181031_STOPLITE

Traffic slows to a stop at the intersection of Milton Avenue, Kennedy Road and Randolph Road on Wednesday in Janesville. Drivers occasionally complain to the city about the timing of stoplights along Milton Avenue.

JANESVILLE

With an estimated 20,000 vehicles traveling on Milton Avenue each day, Janesville officials know they can’t please everyone when it comes to stoplight timing.

Engineering Director Mike Payne routinely fields calls from residents upset about stoplights, and the complaints often refer to Milton Avenue. The grievances occasionally find their way into letters to the editor, and they used to pop up in The Gazette’s former Sound Off column.

When people call Payne, they typically grumble over green lights and ask if they can get a few extra seconds at a certain intersection.

The solution isn’t so simple.

Adding a few seconds of green light at one intersection, as many people suggest, would throw off the timing for the entire six-stoplight “corridor,” said traffic management supervisor Matt Gosline.

Milton Avenue from Lodge Drive to Mount Zion Avenue is one of three corridors in the city, along with portions of Centerway and Center Avenue. The corridors are programmed based on traffic counts and other data gathered by computerized signals, and they change timing depending on the time of day, he said.

Milton Avenue’s corridor normally extends to Morse Street, but that section is currently under state Department of Transportation control until the Interstate 90/39 project is finished.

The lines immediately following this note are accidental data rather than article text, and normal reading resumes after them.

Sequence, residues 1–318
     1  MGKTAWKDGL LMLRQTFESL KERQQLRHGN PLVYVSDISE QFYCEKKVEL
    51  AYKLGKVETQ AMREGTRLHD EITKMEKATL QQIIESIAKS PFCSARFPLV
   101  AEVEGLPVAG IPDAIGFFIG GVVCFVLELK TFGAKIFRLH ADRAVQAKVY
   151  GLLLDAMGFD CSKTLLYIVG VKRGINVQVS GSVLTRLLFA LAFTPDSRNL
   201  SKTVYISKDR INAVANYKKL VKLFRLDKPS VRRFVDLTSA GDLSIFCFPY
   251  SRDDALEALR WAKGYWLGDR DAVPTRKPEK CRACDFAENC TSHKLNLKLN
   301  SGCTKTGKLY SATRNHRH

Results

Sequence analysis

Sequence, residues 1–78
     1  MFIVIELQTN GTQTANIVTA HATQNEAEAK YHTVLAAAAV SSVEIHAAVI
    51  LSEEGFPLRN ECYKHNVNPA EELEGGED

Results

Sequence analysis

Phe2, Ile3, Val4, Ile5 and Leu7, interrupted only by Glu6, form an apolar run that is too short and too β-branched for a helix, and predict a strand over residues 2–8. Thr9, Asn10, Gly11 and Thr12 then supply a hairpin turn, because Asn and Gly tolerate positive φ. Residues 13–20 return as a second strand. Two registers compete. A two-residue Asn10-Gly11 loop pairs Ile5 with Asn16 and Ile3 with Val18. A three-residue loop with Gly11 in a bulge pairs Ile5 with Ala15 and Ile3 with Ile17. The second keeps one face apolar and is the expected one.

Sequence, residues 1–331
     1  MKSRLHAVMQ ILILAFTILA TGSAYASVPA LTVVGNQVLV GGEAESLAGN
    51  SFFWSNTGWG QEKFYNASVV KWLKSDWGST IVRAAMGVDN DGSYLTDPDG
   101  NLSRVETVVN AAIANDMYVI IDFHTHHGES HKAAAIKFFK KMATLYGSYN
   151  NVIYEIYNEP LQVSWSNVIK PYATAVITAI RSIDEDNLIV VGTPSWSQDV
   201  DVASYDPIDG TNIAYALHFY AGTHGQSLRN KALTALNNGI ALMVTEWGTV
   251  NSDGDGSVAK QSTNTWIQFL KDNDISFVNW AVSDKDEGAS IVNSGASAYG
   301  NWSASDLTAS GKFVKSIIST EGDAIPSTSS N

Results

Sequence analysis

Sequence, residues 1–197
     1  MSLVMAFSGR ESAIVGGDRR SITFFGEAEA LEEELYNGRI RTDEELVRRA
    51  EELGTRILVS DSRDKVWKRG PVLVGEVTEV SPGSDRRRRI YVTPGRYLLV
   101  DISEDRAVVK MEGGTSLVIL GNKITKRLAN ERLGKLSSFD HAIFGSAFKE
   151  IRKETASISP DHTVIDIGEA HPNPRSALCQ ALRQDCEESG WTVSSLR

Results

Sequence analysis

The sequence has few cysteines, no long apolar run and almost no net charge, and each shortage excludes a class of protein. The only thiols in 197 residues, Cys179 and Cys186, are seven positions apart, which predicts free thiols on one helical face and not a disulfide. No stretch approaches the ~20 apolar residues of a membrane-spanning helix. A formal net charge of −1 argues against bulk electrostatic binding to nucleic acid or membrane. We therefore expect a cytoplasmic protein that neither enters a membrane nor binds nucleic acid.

The city coordinates its southbound lights to be in sync and green in the morning when people are coming into town for work. In the evening, synchronized green light privileges flip to northbound traffic as people return home, Gosline said.

Both directions can’t be in sync at the same time—a pattern pushing green lights one way would lead to random red lights in the other.

Midday traffic has mostly neutralized timing for both sides of the road. After 8 p.m. when traffic thins, the stoplights go into “free dial” and are timed based on the computerized signals that sense where vehicles are.

A Gazette reporter driving Milton Avenue around 1:30 p.m. Tuesday (adhering strictly to the speed limit, of course) found the city’s neutral midday timing to be true. This reporter encountered roughly an equal number of red and green lights while driving both northbound and southbound.

Four hours later, rush-hour timing should have called for smooth sailing north out of the city and no clear pattern driving south. But this reporter got stuck at four of the six lights heading north and only one returning south to The Gazette offices.

Payne said exceptions and weird stories do occur. And this reporter’s drive was only one test at two random times on a single day.

Milton Avenue’s stoplights were last re-evaluated in 2016 when the road was resurfaced. The city doesn’t regularly reconsider stoplight timing because of how complicated the mathematical timing calculations can be.

Tweaking anything would cause major changes, Payne said.

“We’re trying to maximize the efficiency for the highest amount of cars,” he said. “We can’t keep everybody happy, so we’re going to try to keep as many people happy as we can.”

As far as keeping everybody happy, there is at least one exception: The city does not time stoplights to please weekend cruisers of the Milton Avenue circuit.

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